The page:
If the original PlayStation was the video game console equivalent of the '60s-era Volkswagen Beetle--economic, reliable, loads of fun--the PS One could be considered the new Beetle--a hip restyling of those same qualities. Make no mistake: the PS One has all of the same functionality as the original PlayStation workhorse, will work with all of the same peripherals and accessories, and will play the existing PlayStation game library, as well as audio CDs (also note that, like the original PlayStation, it's not compatible with the more advanced PlayStation 2). The difference here is that this new model is quite a bit smaller than its older brother, and quite a bit cuter, too. The system is made up of a 32-bit, 34-MHz RISC processor with 16 Mbits of main memory, 8 Mbits of graphics memory, 24-channel stereo sound, double-speed CD-ROM drive, and one Dual Shock analog controller. That's not a lot of power, compared to a next-generation system like the Sega Dreamcast; but, when you factor in its very low price and the enormous library of games that are available (more than 1,000 that are spread across every genre imaginable), one can see easily why it's as good a deal as ever. If rumors of exciting future accessories for the PS One (a four-inch LCD screen attachment, to name one) are true, this little machine could become a great option for the on-the-go gamer.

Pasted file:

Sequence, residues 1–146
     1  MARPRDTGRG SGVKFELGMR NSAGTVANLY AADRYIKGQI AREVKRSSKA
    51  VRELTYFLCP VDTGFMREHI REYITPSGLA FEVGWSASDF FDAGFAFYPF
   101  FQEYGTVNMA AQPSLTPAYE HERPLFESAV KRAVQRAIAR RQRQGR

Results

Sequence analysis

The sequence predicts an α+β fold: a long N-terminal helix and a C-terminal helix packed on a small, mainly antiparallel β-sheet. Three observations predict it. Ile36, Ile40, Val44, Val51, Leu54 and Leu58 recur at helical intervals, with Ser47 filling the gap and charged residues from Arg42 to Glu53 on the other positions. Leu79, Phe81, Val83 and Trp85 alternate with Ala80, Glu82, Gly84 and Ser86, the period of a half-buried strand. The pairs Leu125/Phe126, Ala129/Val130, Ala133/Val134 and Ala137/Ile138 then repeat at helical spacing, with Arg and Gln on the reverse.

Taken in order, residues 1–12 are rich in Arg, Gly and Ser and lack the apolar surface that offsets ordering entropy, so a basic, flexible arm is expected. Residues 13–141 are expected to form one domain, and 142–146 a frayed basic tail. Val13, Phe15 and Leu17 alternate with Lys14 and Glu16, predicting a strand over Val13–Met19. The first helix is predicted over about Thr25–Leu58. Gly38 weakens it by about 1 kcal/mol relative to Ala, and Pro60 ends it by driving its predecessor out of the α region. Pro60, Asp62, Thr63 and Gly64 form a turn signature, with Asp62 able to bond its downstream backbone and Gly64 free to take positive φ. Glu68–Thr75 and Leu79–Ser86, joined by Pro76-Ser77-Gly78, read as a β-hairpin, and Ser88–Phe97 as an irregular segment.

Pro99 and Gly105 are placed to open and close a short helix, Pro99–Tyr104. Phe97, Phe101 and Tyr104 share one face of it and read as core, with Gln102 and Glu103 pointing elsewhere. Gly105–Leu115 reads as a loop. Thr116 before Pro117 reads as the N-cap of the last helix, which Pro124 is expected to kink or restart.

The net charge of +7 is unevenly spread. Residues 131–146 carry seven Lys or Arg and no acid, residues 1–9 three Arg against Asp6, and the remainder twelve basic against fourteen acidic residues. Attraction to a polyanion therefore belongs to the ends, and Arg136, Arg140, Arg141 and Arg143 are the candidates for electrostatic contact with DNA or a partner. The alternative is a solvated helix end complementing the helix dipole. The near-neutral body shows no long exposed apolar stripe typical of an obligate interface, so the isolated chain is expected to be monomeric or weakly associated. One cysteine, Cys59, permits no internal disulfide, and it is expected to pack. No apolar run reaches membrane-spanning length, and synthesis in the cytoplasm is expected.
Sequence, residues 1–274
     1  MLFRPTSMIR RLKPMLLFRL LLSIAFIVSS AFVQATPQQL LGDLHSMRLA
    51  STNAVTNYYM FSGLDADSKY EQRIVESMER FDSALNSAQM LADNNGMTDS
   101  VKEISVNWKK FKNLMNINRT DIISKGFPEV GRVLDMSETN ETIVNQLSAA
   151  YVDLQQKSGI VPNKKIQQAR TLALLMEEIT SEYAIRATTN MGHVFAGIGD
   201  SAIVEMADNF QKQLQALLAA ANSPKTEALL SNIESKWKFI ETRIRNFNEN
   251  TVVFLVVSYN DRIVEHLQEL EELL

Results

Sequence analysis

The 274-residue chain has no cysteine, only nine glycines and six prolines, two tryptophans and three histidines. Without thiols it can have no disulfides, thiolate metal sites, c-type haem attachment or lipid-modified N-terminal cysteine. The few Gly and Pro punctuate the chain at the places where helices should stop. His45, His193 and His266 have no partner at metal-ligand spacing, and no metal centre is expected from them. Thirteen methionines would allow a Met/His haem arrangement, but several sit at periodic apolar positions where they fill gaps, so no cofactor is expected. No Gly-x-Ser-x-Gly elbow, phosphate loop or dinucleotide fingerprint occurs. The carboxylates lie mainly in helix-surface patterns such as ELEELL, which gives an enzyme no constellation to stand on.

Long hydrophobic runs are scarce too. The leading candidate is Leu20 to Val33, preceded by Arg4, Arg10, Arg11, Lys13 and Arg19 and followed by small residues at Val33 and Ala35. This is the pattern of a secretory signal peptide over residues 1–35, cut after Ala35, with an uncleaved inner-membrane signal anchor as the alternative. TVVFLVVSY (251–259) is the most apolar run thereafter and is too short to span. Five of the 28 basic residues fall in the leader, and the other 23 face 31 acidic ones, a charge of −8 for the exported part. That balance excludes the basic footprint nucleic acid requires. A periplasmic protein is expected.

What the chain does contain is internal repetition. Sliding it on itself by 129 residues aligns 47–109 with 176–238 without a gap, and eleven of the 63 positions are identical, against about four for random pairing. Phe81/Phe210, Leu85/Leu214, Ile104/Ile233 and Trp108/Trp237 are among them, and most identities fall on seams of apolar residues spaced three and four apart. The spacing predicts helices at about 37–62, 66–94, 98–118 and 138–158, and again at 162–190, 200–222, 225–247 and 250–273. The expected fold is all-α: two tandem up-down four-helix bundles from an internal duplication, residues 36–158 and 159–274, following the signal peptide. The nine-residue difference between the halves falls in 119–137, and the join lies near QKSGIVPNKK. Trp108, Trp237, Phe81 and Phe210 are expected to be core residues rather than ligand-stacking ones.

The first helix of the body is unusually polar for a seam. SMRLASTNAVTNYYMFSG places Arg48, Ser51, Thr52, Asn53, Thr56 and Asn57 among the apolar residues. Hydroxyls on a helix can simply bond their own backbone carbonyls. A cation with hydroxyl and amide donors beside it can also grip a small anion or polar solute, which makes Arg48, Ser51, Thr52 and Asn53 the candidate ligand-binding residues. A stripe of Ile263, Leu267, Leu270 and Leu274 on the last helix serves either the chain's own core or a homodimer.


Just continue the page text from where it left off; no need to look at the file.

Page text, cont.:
The LCD Screen is 5" diagonally and delivers incredibly crisp resolution and stereo sound. Plug in your own headset and enjoy games without disturbing anyone else. The AV "in" jack allows owners to plug in their Sony camcorders and enjoy video of the family vacation anytime, anywhere. Multi-outs allow you to connect the PS One to a standard TV without removing the mobile monitor. The unit folds up for easy storage or travel. It includes a headphone jack.